Online 41. Learning with Ngrams [electronic resource] : from massive scales to compressed representations [2017]
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 Book — 1 online resource.
 Summary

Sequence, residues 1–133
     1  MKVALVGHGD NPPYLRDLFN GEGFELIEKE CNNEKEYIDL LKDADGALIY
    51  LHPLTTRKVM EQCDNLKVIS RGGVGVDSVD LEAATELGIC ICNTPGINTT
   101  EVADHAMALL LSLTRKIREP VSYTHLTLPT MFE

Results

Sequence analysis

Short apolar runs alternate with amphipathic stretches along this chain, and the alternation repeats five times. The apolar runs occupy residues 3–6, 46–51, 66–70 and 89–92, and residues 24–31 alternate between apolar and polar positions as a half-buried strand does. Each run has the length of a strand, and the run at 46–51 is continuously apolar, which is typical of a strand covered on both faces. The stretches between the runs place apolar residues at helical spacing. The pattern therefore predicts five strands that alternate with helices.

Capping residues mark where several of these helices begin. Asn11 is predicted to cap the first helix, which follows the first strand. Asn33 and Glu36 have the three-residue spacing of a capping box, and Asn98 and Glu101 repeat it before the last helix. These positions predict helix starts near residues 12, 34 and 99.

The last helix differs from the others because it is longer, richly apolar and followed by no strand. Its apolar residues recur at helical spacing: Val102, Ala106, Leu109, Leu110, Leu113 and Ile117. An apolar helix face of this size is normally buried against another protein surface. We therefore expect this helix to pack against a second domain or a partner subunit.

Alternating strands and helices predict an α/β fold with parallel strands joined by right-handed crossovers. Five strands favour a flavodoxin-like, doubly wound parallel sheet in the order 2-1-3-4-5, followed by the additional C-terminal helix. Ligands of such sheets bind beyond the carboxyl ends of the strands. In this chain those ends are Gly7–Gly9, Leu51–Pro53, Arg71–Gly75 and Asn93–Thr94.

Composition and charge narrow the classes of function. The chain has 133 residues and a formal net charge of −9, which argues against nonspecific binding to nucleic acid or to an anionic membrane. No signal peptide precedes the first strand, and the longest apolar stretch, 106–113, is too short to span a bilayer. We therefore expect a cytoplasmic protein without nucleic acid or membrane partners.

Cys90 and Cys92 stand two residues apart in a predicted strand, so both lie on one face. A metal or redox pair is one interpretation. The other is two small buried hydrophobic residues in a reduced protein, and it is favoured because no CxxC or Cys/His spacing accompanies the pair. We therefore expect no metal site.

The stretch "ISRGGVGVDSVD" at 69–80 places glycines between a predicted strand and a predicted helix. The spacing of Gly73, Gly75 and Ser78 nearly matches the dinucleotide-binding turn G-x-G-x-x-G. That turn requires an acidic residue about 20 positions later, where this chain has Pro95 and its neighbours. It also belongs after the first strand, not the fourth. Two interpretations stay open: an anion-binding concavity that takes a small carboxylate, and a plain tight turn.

Machine learning has established itself as an important driver of industrial progress and scientific discovery. The quest to expand its usage to address ever deeper questions and harder problems places particular emphasis on building sophisticated and statistically rigorous models that can handle the deluge of information being generated. The stakes are higher than ever; the success of global, billion dollar initiatives that can fundamentally change the landscape of human health rests on the existence of machine learning tools that can extract intricate relationships at unprecedented scales. In turn, machine learning paradigms are constantly evolving to address these needs, and some of the greatest advances have come from integrating combinatorial ideas with classical statistical ideas, such as the ability to perform principled feature selection using the Lasso. The underlying perspective of this thesis is that machine learning must rely on the algorithms and data structures that classically form the underpinnings of theoretical computer science in order to fully harness the potential of these combinatorial ideas. To this end, we contribute two advances to machine learning based on Ngram features, a feature representation for strings that has stood the test of time and continues to provide stateoftheart results in natural language processing and genomics. The first addresses the computational and statistical issues of learning with long, and possibly all, Ngrams in a document corpus. Our main result leverages suffix trees to provide a quadratic memory and processing time improvement over current machine learning systems by virtue of a fast matrixvector multiplication routine whose computational requirements are at worst linear in the length of the underlying document corpus. As the majority of machine learning algorithms rely on and are bottlenecked by matrixvector multiplication to learn, our routine can speed up almost any learning system by simply replacing its multiplication routine with ours. The practical savings are substantial, including an efficiency gain of four orders of magnitude for DNA sequence data, and open a new realm of possibilities for Ngram models. This routine also has large statistical implications; suffix trees perform a quadratic dimensionality reduction that substantially increases the robustness of machine learning systems when the appropriate level of data representation granularity is unknown. Finally, we provide an efficient persistent data storage system based on our algorithms that screens Ngram features according to a multitude of statistical criteria and produces data structures optimized for multiplication. Our second contribution looks to classical ideas from compression to devise a new form of combinatorial Deep Learning for text termed Dracula. Dracula is based on a generalization of the compression criterion underlying dictionarybased compressors like LempelZiv 78. It learns a dictionary of Ngrams that efficiently compresses a text corpus, and then recursively compresses its own dictionary for additional space savings. In doing so, it selects Ngrams that are useful features for learning and induces a graphbased regularizer that orders the Ngrams into low and high frequency components. Importantly, solving Dracula can be expressed as a binary linear program that may be further relaxed to a linear program, allowing a plurality of tools from optimization and computer science to be used to analyze its properties. Computationally, Dracula is NPComplete, but it exhibits substantial problem structure that allows approximate algorithms to scale to large datasets. Statistically, we show how Dracula can learn a multitude of representations to accommodate an underlying storage cost model and identify parameters that control the behavior of its solutions in meaningful ways. We also demonstrate that Dracula is amenable to fine tuning by proving that its solutions evolve in a predictable way as the storage cost model varies. We demonstrate the utility of Dracula's features using experiments over a variety of problem domains including natural language processing and bioinformatics.
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